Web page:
If you are getting a NO DISC error on a CD / DVD player, then chances are the laser has failed.
A typical symptom is you insert a disc in the player and after a while; the CD tray opens again with the message referring to no disc being in the system. This can be infuriating because you can see that there is a disc, however, the CD / DVD player cannot.
Every time the tray closes, the laser beam fires two long bursts of laser light, and the focusing platform moves up and down attempting to focus the beam. This is the time when it is looking for a disc. If the laser has failed, then it will not be able to detect a CD and therefore the error message appears.
I normally do two things when this happens. I normally clean the lens just in case there is dust on it obstructing the laser path. If cleaning the lens does not solve the problem then I make sure the laser is working.
Obviously one should never look directly into the laser unit, you would have to be plain stupid if you did that. The laser light is bright enough that one can see the diffused red light from a distance obliquely. A piece of paper the size of a standard CD within the tray can also help, because when the tray closes, one can see the diffused red light on the paper. It is usually bright enough and visible from the other side of the paper. If there is no red light, then the laser has failed.
Back in the 1990s, I used to fix many of these and it was always either the spindle motor or the laser that failed. These two components are in constant use and wear out the most.
Laser diodes do not last forever, especially on the early players manufactured in the 1980s. It would be very surprising to find a player still working from that era.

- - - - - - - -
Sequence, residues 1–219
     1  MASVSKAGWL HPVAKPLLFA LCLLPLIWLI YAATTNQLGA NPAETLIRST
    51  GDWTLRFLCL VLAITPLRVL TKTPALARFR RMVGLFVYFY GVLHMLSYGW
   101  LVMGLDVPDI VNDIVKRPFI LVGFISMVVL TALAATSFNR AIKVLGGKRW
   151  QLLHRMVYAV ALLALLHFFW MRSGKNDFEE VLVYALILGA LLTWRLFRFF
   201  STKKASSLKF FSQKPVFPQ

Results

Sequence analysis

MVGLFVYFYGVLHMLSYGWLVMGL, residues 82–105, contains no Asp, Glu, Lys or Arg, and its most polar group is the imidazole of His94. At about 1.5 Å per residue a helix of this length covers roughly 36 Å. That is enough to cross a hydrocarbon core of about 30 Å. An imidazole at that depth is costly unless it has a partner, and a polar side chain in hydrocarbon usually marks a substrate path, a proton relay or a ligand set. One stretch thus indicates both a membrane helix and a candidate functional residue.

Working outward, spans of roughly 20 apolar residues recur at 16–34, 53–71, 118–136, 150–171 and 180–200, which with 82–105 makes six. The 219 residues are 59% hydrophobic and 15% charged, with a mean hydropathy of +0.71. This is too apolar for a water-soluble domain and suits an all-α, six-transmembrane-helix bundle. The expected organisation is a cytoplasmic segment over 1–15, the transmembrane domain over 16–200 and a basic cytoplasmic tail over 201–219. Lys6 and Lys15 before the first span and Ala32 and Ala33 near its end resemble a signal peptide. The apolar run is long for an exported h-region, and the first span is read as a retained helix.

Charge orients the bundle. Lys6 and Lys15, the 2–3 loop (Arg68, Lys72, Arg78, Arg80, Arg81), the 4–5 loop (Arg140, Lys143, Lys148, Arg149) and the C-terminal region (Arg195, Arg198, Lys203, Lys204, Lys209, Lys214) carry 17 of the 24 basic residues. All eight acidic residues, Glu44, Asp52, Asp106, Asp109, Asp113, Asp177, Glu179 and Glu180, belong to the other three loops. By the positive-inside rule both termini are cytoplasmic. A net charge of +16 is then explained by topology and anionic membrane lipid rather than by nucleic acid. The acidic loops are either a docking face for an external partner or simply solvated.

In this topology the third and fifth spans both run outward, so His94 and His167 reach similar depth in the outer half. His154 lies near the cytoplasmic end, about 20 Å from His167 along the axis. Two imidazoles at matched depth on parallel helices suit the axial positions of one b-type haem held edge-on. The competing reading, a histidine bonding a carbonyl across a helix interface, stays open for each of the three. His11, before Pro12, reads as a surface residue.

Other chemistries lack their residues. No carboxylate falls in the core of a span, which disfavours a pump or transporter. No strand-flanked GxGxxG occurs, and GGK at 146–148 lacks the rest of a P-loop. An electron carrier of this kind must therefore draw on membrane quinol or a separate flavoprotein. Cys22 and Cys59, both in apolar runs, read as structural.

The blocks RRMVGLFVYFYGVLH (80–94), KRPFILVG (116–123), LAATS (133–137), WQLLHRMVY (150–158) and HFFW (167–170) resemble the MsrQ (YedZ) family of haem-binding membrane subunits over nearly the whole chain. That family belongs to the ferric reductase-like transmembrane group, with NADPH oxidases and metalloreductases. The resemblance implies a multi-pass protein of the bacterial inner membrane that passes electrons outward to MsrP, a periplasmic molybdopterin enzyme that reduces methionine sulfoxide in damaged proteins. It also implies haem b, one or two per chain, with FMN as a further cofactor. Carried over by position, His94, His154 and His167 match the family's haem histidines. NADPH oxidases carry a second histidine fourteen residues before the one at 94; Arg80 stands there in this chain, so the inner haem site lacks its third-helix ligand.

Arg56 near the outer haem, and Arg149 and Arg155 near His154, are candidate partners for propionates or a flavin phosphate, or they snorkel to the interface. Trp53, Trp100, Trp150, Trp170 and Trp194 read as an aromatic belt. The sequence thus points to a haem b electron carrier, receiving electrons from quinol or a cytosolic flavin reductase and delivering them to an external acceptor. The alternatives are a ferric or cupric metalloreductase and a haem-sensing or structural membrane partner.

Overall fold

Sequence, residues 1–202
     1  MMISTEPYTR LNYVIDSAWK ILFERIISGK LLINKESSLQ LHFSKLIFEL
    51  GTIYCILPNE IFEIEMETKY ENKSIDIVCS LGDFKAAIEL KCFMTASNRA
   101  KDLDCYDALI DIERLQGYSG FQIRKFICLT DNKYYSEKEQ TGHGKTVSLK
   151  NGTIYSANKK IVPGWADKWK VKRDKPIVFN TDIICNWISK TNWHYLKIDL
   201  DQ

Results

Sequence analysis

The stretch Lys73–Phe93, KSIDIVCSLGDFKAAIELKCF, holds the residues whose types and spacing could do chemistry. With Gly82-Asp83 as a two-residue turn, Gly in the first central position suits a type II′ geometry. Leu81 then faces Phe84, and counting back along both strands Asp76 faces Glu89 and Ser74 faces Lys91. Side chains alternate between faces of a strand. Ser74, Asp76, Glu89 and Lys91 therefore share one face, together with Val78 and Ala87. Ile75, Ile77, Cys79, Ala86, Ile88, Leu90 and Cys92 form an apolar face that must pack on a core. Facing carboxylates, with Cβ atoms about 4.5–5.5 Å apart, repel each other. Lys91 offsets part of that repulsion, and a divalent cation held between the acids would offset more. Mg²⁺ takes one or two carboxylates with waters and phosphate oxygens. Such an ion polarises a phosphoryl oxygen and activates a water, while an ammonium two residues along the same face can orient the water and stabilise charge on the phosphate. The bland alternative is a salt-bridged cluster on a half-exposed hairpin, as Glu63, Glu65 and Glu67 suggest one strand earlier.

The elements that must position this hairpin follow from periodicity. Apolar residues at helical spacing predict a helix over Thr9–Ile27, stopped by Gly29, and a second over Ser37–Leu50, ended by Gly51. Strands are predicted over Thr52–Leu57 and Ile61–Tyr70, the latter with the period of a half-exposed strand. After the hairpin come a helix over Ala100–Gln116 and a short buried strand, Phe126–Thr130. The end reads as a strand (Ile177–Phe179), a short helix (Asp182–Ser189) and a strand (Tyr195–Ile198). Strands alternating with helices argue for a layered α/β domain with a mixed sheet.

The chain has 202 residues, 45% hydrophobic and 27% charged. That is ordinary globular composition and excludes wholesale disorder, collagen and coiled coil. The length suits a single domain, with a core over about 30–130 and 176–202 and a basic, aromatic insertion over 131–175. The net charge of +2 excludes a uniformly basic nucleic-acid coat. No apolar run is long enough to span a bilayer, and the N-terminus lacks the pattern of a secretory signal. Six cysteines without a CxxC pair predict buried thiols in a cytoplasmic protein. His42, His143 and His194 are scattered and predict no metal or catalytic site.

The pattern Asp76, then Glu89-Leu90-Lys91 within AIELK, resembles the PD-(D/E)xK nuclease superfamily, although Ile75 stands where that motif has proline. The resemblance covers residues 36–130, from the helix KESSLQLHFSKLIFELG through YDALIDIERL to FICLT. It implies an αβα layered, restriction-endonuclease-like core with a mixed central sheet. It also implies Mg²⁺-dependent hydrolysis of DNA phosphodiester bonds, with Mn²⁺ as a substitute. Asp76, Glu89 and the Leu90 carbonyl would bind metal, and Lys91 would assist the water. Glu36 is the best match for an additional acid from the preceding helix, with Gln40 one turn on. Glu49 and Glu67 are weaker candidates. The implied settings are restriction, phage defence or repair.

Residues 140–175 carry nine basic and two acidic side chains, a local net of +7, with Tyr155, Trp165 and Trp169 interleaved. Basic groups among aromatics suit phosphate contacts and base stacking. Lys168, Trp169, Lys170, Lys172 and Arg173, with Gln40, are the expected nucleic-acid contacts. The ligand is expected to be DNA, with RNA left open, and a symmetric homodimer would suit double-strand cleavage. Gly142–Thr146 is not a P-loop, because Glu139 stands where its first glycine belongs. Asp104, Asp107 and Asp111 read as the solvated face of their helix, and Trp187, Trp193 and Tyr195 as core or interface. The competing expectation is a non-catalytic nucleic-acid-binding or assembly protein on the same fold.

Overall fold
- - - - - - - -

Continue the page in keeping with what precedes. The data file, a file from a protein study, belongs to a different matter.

Most of those units used cheap motors where the brushes wore out within a few years. Moreover, if that did not fail, then the laser surely would. The laser diode manufacturing process was not as refined either, and those diodes had a short finite life to them. Most of those early CD players would be hard to find as they often ended up in landfill.
I have come across many high-end players of recent time that use the same cheap mass produced drive mechanisms. Moreover, most of those failed within a few years as well. This is a shame, as one would expect high-end players to have better components for the mechanism; however, it is usually the same cheap mechanism found in unbranded supermarket models.
A laser diode, being a semiconductor, fails in an interesting way. When it is reaching the end of its useful life, and about to fail, it becomes, unstable. Its operation becomes sporadic, which can confuse the user. It might work one minute, but not work the next. Alternatively, it might work for some CDs and not for others.
From the user's point of view the player initially starts becoming temperamental, and then stops working completely and unable to read any disc.
If you have an old player that is getting temperamental, then now is the time to buy a new one. I would highly recommend a Blu-ray CD player. The latest players have more functions, better picture quality, and are at half the price!